The Guest, by Hwang Sok-yong, translated by Kyung ja Chun and Maya West
This review contains spoilers.
This novel, by a famous Korean author who suffered prison as a result of visiting North Korea, was created with the intent of healing fifty-plus years of deep and bloody wounds between North and South Korea that continue to mar an open dialogue between the two nations and even between family members. Interestingly the book is organized in twelve chapters that are modeled after a style of exorcism called Chinogwi (described briefly in the author’s introductory notes), which further demonstrates the book’s intent toward healing. The story follows Rev. Yosop [Yoseop] Ryu as he returns to his childhood village in North Korea and meets surviving relatives: his brother’s wife, a nephew and an uncle. Shortly before his departure from L.A., Ryu’s older brother, Yohan, dies. Once a leader of an anti-Communist militia in the North, Yohan’s ghost follows Yosop to North Korea, and the dreadful and violent secrets of a vicious and vindictive war are slowly revealed. Six months of this tumultuous time is played out a few in villages southwest of Pyongyang. The information feels accurate and stringently researched: the names and roles of various Communist groups and Christian groups are carefully described, battles and numbers of men, weapons and casualties are recounted. Hwang uses shifting points of view to tell these stories, including the memories of the ghosts that begin to crowd Rev. Yosop’s evenings as he delves further into the North’s countryside and reaches closer to home and the memories that challenged both his faith in humanity and in God.
Like some other translations of famed Korean novels, Westerners may have difficulty with certain conventions of culture and language that are integral in Korean writing. I’m not fluent in Korean, and I found myself having to pay careful attention to remember names and relationships, and I felt certain dramatic moments to be overwrought, as is not uncommon in the culture. There are sections of straight exposition about Korea’s history in the earlier part of the book that are probably important for many readers, but it also severs the narrative force of the story at that point.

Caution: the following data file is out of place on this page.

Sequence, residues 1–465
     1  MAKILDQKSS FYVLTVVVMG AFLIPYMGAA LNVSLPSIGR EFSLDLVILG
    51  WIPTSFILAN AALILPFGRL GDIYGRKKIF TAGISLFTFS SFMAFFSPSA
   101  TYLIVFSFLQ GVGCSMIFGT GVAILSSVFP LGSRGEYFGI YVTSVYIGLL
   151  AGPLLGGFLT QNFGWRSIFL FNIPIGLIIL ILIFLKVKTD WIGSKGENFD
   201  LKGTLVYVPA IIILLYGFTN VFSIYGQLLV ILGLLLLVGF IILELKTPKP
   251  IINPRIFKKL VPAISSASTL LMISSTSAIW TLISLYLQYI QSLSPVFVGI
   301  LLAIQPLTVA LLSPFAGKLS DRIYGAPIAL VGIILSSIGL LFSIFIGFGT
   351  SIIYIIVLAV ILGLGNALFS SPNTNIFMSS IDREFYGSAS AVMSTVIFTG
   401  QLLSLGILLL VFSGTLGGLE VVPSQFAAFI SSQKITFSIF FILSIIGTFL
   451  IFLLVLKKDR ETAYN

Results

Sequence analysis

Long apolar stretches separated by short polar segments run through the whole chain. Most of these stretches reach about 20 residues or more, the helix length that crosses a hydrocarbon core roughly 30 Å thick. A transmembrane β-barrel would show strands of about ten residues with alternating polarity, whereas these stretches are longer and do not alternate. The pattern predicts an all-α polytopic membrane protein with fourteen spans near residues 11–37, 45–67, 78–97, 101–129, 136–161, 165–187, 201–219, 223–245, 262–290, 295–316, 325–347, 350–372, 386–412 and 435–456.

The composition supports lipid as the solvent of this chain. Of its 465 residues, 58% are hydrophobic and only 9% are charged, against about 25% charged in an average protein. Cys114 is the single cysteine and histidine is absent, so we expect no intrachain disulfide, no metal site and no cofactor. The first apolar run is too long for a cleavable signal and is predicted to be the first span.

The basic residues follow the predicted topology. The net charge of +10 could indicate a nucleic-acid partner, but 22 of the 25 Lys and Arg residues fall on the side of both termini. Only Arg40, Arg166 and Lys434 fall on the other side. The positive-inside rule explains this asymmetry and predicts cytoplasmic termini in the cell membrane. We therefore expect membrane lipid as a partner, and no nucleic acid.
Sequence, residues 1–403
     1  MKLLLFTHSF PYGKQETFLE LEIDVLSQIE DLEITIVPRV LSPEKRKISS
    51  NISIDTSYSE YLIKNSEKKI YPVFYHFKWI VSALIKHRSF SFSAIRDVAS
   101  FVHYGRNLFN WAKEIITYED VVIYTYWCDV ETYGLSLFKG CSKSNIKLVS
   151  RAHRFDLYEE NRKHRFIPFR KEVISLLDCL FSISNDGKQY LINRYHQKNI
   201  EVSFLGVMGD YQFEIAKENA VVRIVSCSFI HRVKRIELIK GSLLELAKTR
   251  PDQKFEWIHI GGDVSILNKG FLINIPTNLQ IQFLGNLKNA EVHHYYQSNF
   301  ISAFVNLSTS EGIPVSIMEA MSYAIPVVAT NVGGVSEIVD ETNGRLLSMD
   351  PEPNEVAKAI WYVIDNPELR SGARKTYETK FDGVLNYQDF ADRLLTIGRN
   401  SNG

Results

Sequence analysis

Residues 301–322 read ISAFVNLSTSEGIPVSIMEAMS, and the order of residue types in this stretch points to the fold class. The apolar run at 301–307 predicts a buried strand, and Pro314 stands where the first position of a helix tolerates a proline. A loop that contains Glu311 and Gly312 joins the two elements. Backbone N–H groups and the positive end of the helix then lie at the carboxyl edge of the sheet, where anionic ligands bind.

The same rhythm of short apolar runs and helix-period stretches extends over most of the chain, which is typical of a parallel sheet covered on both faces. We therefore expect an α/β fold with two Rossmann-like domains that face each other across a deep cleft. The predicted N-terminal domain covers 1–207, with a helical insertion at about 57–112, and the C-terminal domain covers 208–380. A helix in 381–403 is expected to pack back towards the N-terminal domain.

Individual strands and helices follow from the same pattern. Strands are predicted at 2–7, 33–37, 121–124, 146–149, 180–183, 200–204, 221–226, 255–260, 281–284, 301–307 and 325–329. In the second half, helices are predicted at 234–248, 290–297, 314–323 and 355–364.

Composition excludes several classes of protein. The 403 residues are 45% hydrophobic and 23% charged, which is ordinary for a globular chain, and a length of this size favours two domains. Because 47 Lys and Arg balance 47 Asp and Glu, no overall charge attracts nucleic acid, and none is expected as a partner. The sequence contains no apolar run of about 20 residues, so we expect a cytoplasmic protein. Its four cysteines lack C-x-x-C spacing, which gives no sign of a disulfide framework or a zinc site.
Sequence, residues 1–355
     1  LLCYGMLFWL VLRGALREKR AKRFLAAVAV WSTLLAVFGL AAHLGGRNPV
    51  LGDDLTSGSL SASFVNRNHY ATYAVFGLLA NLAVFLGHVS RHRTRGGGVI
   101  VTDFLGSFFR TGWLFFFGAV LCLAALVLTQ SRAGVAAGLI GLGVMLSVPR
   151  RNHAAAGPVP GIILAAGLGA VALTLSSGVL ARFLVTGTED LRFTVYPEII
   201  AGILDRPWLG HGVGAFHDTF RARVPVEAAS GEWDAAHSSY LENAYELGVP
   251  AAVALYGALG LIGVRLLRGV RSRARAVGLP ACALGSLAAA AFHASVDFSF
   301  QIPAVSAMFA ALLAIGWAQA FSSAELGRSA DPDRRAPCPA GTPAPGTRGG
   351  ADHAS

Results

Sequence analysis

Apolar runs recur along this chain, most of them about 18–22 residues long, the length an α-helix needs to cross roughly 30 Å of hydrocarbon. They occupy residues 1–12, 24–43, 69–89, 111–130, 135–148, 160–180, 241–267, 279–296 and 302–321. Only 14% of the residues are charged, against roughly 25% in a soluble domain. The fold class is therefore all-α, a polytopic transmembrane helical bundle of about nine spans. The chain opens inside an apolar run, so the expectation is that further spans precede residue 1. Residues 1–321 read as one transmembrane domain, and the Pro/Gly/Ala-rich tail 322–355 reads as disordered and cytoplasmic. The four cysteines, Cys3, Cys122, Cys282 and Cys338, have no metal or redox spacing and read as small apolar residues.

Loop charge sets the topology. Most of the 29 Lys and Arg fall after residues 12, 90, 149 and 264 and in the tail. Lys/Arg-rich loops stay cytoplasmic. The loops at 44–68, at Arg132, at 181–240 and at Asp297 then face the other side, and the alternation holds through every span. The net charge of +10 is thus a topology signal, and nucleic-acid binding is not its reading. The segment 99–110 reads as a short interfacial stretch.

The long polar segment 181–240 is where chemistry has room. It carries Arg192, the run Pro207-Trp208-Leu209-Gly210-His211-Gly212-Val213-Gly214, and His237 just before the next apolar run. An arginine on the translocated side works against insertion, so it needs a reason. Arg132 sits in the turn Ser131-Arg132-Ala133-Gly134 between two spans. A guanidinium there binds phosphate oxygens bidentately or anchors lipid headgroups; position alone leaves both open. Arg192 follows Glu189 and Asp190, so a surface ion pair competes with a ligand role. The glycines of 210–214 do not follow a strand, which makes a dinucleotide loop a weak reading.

I found the present-day attitudes about the past to be fascinating and enlightening. At one early part of Rev. Yohan’s trip to North Korea, he meets a fellow passenger and describes this encounter: Stories of families being separated during the war were so common that hearing only a few lines for each case, like the quick report you might catch on a TV newscast, was almost always enough to get an idea of what happened. And yet, despite the overarching similarities, there was always something about hearing it firsthand, directly from the lips of the survivor, that tugged at your heart.
A similar statement was made by famed Korean writer Park Wan-suh, in her short story, “Weathered Blossom.” One character meeting another on a bus journey says that the shared past of the war has become so cliche, it’s pointless to recount one’s experience of it.
It interests me to hear the surviving generations’ attitudes toward the war, since it was such a common national experience whose effects are still reverberating, and yet something completely foreign to us Korean Americans born in the U.S., or Westerners. In that light, Hwang’s book does successfully work toward exposing what the particulars of that national experience were, and how the resentments were founded, built and festered, and also how pointless it is, and how impossible it is to linger on the past of confusion and hatred if the nation is truly to move toward healing.
No remuneration of any kind was received for this blog post.